In the fall of 1855 my brothers, Dr. John L. Gregg and Josiah Gregg, both older than myself, moved to Breckenridge County, Kansas Territory, settling near the little village then called Neosho City, which was laid out on the Neosho River just below the mouth of the Cottonwood. They took up claims and built themselves houses. Dr. Gregg practiced his profession as well as attending to his farm. Josiah Gregg kept, in addition to his farm, a small store, where he dispensed such articles as are needed in a new country, principally provisions in such quantity as the distance from civilization and his means would permit. The settlement was almost wholly pro slavery in sentiment, nearly all the people being  from Missouri. among the settlers I remember David VanGundy, Chris Carver, his son-in-law, Jeff Pigman, a Mr. Elliott, Mr. Evens, Mr. Edmondson, Mr. Addison or Addis, a preacher, who had two sons, one named John. I would remember others if I could hear their names. Elliot was from Southwest Missouri. Pigman was from Iowa, as I now remember. I do not remember that I ever knew the sentiments of the Iowans on the slavery question, but suppose they were Free-State men. addition or Addis was a meddlesome preacher and an agitator and was Free-State.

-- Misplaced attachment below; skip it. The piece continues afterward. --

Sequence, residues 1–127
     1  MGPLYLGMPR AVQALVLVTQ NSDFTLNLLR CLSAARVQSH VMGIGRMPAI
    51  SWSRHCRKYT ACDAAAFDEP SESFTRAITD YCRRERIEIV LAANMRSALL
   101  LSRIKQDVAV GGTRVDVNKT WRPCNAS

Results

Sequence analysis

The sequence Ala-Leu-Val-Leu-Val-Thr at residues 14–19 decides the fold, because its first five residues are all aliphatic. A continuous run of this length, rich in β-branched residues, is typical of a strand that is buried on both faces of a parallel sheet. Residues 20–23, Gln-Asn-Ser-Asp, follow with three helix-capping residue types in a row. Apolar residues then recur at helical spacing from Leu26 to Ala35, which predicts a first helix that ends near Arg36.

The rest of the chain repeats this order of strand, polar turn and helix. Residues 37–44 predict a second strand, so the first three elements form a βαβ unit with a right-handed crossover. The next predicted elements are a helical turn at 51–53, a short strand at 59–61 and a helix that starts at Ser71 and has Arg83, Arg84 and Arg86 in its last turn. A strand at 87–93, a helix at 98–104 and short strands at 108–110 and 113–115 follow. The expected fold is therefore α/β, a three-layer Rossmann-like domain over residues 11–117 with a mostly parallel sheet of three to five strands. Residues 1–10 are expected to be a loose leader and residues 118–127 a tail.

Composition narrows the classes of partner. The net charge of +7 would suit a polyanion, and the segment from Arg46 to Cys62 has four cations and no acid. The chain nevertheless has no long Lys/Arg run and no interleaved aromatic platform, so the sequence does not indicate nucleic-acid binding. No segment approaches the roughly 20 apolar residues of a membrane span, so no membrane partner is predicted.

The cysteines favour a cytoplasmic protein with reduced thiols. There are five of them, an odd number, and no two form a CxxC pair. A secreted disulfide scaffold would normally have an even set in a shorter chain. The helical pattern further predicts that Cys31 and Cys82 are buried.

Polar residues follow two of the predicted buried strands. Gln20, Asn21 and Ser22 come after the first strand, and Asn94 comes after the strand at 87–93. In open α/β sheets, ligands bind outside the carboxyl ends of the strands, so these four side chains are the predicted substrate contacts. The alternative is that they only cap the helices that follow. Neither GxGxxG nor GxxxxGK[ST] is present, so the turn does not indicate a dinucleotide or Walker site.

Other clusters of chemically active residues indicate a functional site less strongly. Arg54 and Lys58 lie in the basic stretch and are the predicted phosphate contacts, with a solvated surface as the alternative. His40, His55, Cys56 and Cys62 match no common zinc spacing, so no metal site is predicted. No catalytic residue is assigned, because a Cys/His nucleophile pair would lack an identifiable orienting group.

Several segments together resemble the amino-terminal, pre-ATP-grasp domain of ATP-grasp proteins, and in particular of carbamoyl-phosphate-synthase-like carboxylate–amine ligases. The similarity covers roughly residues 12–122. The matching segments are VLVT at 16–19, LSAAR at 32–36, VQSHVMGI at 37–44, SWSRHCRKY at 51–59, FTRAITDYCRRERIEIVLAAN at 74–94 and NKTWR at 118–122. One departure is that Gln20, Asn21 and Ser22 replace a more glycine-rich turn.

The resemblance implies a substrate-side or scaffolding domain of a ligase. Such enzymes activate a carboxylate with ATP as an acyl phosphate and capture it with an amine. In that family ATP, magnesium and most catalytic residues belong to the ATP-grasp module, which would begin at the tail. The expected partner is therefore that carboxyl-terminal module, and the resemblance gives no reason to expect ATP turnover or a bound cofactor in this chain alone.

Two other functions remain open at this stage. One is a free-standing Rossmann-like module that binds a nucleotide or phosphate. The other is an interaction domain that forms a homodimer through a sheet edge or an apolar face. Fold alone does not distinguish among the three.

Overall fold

In the fall of 1855 my brother Josiah Gregg came to Jackson County, Mo., to get provisions and replenish the stock of his store. These supplies had to be hauled by ox-team, and I returned with my brother and remained there with him all winter. I made rails to fence the claims of my brothers, Josiah and Dr. Gregg. I returned to jackson County, Mo., in the spring of 1856. I was not at the pro-slavery settlement any more before the attack upon it of the Free-State men. This attack was made the very last days of August or the very first days of September, probably between the first and the tenth of the month. I often heard the accounts of the attack from the pro-slavery people, especially from my brothers. The people were almost all sick with fevers common to a new country. My brother, Dr. Gregg, was sick and weak from this same fever. A number of the settlers died. The band who made the raid on the settlement was commanded by a man named Roberts, as well as I now remember, and my brother Josiah Gregg, now living at Visalia, California, remembers the name of the commander as Roberts. The attack was at night. The band went to the house of Chris Carver, who had, as I said, married the daughter of David VanGurdy about a year before. They hailed the house and ordered the men to come out. Carver and his wife were both sick and unable to come out. The house was fired upon and the wife of Carver shot in the abdomen as she lay in bed. Carver was out of bed when the shots were fired. When it was known the there were but two people in the house the robbers came in and ransacked the house, taking what they found that suited their fancy. They notified Carver to leave the territory. When they left the house of Carver they went to the home of my brother, Dr. Gregg, and ordered him to to and attend the wounded woman. The Doctor was sick and too weak to walk and carry his saddle bags in which he carried his medicine. They sent a man with him to carry his pill bags, and about daylight he arrived at Carver's house. he soon ascertained that the woman was mortally wounded; and she died in the forenoon of the day after she was shot. All the settlers were ordered to leave the Territory, and they did leave. Some of them returned in 1857. I do not remember that any one but Mrs. Carver was wounded. Josiah Gregg sold out his store and did not return.